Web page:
Richard Karpel, executive director of the Nevada Press Association, said the legislation would be a step backward for transparency in police misconduct inquiries.

“AB58 would, in most cases, shroud pattern and practice investigations in secrecy,” he said in an email exchange. “The amended version of the bill would require the Attorney General to issue a report about the investigations but would still hide the underlying evidence from public view. That’s a recipe for distrust and conspiracy theories.”

The bill is sponsored by the Assembly Committee on Judiciary, but its chairman, Steve Yeager, declined comment, sending questions to Attorney General Aaron Ford, at whose request the bill was introduced.

“A lack of confidentiality would undoubtedly lead to a chilling effect on people willing to come forward to disclose information,” Ford told the committee on March 16.

Ford’s chief of staff, Jessica Adair, said the bill would not stop the requirement for police agencies to produce records.

“AB58 does not change any existing public records law as it applies to law enforcement agencies,” she said in an emailed statement. “Agencies still must disclose their records subject to public records law, whether or not those documents are also used in a pattern and practice investigation.”

Sen. Nicole Cannizzaro presides during a Judiciary Committee meeting in February 2019. (K.M. Ca ...
Sen. Nicole Cannizzaro presides during a Judiciary Committee meeting in February 2019. (K.M. Cannon/Las Vegas Review-Journal)

State law and disclosure

Police accountability nationwide is under intense scrutiny amid growing allegations of police abuse or misconduct, and the landmark trial of former Minneapolis police officer Derek Chauvin, who was found guilty of murder in the death of George Floyd this week.

In Nevada, state law does not exempt internal affairs files from disclosure under public records laws, but police departments have cited court rulings balancing the public’s right to know with employee privacy to withhold the records.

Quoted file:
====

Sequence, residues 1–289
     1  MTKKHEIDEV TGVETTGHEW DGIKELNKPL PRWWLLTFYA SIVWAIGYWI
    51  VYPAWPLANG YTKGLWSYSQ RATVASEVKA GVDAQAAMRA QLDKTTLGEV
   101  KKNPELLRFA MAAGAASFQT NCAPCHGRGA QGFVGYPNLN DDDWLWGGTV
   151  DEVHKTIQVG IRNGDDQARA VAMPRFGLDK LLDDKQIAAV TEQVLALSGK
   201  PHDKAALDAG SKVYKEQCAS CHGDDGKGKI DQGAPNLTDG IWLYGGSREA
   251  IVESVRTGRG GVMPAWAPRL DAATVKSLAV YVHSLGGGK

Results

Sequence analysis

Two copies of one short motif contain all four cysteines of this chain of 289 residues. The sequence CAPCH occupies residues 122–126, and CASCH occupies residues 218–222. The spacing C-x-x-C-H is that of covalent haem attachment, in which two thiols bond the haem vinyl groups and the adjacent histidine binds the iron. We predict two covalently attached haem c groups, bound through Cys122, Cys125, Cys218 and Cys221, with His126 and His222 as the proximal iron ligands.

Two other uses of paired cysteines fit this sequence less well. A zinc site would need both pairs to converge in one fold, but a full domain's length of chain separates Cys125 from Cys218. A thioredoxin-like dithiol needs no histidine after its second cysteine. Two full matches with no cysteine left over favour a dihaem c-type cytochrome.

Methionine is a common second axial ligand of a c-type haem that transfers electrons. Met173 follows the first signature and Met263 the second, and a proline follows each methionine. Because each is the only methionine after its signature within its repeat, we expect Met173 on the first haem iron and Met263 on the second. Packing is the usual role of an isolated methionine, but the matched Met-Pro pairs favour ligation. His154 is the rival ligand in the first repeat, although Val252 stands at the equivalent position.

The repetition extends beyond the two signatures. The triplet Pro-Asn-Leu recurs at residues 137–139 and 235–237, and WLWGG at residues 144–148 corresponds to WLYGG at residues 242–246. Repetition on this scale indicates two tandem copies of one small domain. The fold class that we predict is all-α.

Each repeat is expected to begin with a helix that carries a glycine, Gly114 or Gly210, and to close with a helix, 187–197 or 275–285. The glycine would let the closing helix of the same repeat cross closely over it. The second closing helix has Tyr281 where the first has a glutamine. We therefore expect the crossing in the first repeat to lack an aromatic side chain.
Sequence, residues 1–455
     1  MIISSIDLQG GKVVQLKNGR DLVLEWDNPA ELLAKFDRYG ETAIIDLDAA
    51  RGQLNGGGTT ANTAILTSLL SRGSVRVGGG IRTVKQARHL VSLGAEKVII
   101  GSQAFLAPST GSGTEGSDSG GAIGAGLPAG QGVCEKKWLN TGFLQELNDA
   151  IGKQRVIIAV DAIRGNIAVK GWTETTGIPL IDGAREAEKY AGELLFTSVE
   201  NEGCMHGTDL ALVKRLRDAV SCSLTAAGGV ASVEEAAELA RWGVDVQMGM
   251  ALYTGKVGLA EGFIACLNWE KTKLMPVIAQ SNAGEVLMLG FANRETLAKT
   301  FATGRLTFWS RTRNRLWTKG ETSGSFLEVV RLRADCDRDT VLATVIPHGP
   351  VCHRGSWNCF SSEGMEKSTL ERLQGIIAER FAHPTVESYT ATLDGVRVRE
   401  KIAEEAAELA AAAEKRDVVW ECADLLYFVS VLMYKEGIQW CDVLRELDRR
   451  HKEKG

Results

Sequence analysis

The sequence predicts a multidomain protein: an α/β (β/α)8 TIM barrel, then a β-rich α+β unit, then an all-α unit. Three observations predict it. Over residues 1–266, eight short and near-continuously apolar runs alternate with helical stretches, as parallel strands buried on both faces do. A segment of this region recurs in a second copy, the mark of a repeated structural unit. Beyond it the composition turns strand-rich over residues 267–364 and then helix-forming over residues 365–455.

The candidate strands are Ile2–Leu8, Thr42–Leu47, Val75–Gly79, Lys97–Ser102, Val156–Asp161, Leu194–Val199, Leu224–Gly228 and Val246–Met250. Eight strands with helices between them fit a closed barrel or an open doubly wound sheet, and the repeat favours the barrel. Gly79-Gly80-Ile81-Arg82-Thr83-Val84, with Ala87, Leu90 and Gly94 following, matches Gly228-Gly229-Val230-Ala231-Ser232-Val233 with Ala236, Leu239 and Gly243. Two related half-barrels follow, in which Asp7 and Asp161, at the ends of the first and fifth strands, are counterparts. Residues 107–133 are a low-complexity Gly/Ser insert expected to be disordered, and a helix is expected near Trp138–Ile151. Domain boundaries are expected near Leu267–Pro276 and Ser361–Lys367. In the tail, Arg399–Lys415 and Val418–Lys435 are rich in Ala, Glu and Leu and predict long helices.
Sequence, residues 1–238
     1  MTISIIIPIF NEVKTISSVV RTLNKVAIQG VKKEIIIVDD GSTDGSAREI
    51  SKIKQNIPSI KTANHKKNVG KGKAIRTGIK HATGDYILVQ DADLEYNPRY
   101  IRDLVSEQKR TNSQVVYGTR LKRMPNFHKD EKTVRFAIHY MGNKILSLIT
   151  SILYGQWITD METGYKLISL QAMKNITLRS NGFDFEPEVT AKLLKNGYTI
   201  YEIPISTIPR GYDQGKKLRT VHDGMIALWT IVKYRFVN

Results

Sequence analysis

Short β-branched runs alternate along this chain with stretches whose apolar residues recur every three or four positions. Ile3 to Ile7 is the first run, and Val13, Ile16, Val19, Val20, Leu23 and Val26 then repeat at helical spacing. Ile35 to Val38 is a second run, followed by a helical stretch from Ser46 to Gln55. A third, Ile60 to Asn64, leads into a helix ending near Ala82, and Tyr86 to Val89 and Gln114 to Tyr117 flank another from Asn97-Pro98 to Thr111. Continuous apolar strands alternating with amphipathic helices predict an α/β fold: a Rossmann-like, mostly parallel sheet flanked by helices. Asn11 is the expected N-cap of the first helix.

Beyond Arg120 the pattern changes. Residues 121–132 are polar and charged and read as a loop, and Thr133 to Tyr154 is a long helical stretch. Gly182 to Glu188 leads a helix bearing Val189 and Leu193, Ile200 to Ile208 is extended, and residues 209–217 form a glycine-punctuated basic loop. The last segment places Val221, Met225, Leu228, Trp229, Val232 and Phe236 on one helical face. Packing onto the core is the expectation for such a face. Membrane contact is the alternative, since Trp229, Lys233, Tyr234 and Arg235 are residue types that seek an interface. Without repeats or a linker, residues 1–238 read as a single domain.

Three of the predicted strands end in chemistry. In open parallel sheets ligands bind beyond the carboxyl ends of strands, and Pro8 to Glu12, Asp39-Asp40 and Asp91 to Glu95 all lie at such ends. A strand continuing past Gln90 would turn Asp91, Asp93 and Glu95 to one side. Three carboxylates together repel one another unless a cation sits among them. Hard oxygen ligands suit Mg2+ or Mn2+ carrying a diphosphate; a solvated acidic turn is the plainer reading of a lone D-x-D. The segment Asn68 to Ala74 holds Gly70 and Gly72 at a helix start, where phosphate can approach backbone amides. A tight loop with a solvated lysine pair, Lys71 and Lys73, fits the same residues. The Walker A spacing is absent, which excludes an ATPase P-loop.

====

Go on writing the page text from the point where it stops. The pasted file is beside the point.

This year, about 160 bills in 40 states have been introduced addressing police data collection and transparency, according to the National Conference of State Legislatures.

ACLU of Nevada Executive Director Athar Haseebullah said Nevada lawmakers should join the national trend of requiring agencies to release internal affairs records. “I think what we have to do is, we really have to push … from a policy perspective, for increased transparency,” he said.

Lawmakers in this and past sessions have passed or proposed other legislation impacting police misconduct and use of force. This session the Senate passed a bill that would require police to use de-escalation techniques and identify themselves before using force. On April 14, the Senate passed SB212, which requires officers to use the least amount of force necessary and prohibits the indiscriminate use of nonlethal rounds during protests. The bill moved to the Assembly.

2019 bill

In 2019, the Legislature made it more difficult to investigate police misconduct by limiting the time for an investigation and stopping supervisor questioning if there is going to be a misconduct investigation, under what is commonly known as the Police Officer Bill of Rights.

But in last year’s special legislative session, which happened after George Floyd was killed in Minneapolis, spawning protests in Nevada and around the world, lawmakers reversed many of the provisions of the 2019 law, which was sponsored by Senate Majority Leader Nicole Cannizzaro. A provision in the 2019 law that wasn’t reversed: a prohibition on releasing officers’ photographs unless they are charged with crimes.

Las Vegas police union President Steve Grammas slammed Senate Bill 2, which he said removed police protections to satisfy law enforcement critics.

“I think it was disgusting that Sen. Cannizzaro failed to back law enforcement,” he said. “It was a 1,000 percent related to the political climate and what was happening across country.”

Cannizzaro, a Las Vegas Democrat and prosecutor with the Clark County district attorney’s office, did not respond to repeated requests for comment. The Las Vegas police union endorsed Cannizzaro’s Republican rival, April Becker, in the November election, but Becker narrowly lost that race.

Contact Arthur Kane at akane @reviewjournal.com or at 702-383-0286. Follow @ArthurMKane on Twitter.

Don't miss the big stories. Like us on Facebook.
THE LATEST